Certainly the National Party Prime Minister, Rob Muldoon, was unwilling to placate the minority of New Zealanders who, in 1981, were adamant that the Springbok Tour should not proceed. With the telling example of the 1972-75 Labour Government in front of him, Muldoon opted to keep faith with his party’s supporters by ensuring that the Tour went ahead. The consequences of that decision: the deep divisions it opened up in New Zealand society; have stood as a powerful historical argument against ranging oneself unequivocally on the side of the majority. It was only the dumbest luck which prevented the Springbok Tour protests, and the Police effort required to contain them, from spilling over into deadly violence. Politicians on both sides of the ideological divide drew the obvious lesson: never again allow the political stakes to rise so high.
In no other facet of New Zealand political life have the arguments favouring minority appeasement enjoyed such enduring currency than in the vexed matter of Maori-Pakeha relations.
Once again, it was the majoritarian convictions of Rob Muldoon that exposed the dangers. The forced removal of 200 Bastion Point protesters, in 1978, required a truly massive effort from the state’s instruments of coercion. Bastion Point made very clear to the authorities the enormous difficulties which a more geographically extensive manifestation of Maori protest would impose upon the state. “Winning” would likely require the use of deadly force, which would, almost certainly, provoke an armed terrorist response. Like the Anglo-Saxon kingdoms assailed by the Norsemen during the Ninth and Tenth Centuries, the New Zealand state opted to buy peace with gold.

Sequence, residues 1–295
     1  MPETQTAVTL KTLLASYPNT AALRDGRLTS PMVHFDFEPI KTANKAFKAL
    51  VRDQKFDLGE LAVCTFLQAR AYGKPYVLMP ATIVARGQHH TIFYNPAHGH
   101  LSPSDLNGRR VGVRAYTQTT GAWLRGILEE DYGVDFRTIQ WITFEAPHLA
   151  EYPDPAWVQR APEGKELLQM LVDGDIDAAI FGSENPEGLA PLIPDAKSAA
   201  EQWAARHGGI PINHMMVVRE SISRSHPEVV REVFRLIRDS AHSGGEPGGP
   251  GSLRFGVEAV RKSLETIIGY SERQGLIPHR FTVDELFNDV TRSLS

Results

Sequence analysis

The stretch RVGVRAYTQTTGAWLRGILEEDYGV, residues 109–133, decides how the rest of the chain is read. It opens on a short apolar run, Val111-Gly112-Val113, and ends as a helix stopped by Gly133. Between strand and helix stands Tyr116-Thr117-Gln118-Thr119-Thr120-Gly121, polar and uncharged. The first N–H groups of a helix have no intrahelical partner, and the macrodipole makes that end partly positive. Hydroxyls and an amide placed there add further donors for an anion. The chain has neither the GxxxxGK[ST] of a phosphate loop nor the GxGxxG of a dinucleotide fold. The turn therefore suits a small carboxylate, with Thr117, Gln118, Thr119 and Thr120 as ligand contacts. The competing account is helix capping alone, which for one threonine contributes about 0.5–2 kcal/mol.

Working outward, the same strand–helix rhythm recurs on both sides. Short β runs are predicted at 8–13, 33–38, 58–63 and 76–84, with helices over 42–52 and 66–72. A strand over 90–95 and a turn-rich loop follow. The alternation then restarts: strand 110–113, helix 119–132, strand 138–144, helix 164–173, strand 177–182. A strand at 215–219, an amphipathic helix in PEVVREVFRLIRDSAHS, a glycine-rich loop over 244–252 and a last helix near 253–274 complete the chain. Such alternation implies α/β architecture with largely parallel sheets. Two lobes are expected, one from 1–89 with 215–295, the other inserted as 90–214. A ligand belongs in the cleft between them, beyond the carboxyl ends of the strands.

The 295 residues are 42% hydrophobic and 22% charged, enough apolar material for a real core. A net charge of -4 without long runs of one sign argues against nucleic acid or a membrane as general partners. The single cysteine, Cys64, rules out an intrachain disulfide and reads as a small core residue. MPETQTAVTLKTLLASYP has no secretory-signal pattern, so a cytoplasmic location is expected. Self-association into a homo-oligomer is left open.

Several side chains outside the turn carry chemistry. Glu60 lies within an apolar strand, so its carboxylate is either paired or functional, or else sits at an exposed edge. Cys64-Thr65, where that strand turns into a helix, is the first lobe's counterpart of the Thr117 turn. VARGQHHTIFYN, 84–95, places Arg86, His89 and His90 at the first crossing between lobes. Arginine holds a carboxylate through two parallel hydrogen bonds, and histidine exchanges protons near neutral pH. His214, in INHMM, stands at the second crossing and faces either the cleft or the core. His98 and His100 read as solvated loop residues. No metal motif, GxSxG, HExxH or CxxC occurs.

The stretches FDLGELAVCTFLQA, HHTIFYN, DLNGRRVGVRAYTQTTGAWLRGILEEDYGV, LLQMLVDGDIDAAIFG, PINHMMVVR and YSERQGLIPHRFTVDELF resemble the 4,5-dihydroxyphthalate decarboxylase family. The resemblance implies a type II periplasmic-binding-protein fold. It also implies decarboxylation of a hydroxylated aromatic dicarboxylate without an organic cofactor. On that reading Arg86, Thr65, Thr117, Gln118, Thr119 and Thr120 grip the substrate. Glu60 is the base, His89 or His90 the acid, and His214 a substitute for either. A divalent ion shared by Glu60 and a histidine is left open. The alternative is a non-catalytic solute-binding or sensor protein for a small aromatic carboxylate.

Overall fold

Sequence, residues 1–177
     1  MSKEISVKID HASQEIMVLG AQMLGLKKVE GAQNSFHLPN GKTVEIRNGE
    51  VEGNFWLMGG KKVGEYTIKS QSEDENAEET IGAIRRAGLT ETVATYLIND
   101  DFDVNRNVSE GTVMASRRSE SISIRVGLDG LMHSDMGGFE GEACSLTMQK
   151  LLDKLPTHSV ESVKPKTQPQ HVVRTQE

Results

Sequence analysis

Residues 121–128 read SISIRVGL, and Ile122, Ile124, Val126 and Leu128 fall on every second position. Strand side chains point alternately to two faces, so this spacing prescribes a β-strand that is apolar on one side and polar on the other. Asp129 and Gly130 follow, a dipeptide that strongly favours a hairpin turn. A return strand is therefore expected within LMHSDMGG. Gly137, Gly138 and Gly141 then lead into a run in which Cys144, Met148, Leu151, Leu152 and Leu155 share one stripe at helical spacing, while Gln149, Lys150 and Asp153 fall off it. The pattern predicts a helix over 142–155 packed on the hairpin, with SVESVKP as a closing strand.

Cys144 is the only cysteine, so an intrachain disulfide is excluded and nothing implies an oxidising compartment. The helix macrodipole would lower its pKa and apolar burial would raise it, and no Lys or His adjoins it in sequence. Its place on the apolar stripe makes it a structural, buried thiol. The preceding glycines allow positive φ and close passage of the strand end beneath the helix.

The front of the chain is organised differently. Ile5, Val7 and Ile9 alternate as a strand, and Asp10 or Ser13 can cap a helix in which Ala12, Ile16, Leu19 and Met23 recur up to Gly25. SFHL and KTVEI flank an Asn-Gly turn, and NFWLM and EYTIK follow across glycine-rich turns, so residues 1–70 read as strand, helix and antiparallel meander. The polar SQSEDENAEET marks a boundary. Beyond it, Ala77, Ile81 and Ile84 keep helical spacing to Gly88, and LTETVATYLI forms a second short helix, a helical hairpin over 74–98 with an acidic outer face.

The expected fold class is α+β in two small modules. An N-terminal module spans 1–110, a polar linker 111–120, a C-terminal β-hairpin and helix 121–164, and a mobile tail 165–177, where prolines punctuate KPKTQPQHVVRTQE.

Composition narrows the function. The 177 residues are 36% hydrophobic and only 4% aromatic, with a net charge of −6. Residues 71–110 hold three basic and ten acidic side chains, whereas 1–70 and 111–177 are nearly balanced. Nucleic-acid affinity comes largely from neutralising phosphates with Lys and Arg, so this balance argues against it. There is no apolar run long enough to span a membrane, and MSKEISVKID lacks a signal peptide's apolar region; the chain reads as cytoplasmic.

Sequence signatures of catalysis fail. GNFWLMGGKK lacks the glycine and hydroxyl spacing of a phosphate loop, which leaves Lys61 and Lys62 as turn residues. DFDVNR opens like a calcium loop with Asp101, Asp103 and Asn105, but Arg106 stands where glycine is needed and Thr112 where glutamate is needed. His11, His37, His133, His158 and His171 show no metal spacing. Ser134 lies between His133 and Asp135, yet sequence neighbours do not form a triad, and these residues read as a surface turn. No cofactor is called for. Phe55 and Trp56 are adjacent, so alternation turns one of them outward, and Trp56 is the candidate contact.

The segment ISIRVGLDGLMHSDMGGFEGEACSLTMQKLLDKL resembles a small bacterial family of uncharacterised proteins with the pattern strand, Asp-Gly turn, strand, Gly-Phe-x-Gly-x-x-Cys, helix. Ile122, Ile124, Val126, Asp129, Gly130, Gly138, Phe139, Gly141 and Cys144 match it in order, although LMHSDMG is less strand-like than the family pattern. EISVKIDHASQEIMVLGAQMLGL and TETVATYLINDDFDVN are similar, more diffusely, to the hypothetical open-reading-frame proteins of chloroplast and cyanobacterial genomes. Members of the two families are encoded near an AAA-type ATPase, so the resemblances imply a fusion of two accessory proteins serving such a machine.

There are limits, of course. Should the price of social peace rise to a point where the majority is no longer willing to pay it, appeasement will very quickly become a dirty word.
Had the General Election of 2005 been held a week earlier, it is highly likely that Don Brash, the author of the in/famous “Orewa Speech”, would have become Prime Minister. His commitment to repudiate the Treaty of Waitangi, curtail the Treaty Settlement Process and abolish the Maori Seats (all policies which the polls indicated enjoyed majority backing) would have pushed the country to the brink of civil war. Significantly, it was Brash’s successor, John Key, who steered his party back towards the appeasement policies initiated by National’s Jim Bolger and Doug Graham in the early-1990s.
The question posed by the absolute necessity of keeping New Zealanders – all New Zealanders – safe from the Covid-19 virus, is a simple one. Is it possible to envisage any other set of circumstances where the demands of a minority, no matter how well organised and vocal, are swept aside by a majority which refuses to put itself at risk? Will the experience of seeing the wishes of New Zealand’s capitalist minority overruled in the name of protecting the health of all those New Zealanders who do not own and/or run businesses (the overwhelming majority) embolden those same New Zealanders to advance radical majoritarian claims in other areas?
And, if they do, is there any minority – economic, social or political – which can, realistically, expect to stop them?
*Chris Trotter has been writing and commenting professionally about New Zealand politics for more than 30 years. He writes a weekly column for interest.co.nz. His work may also be found at http://bowalleyroad.blogspot.com.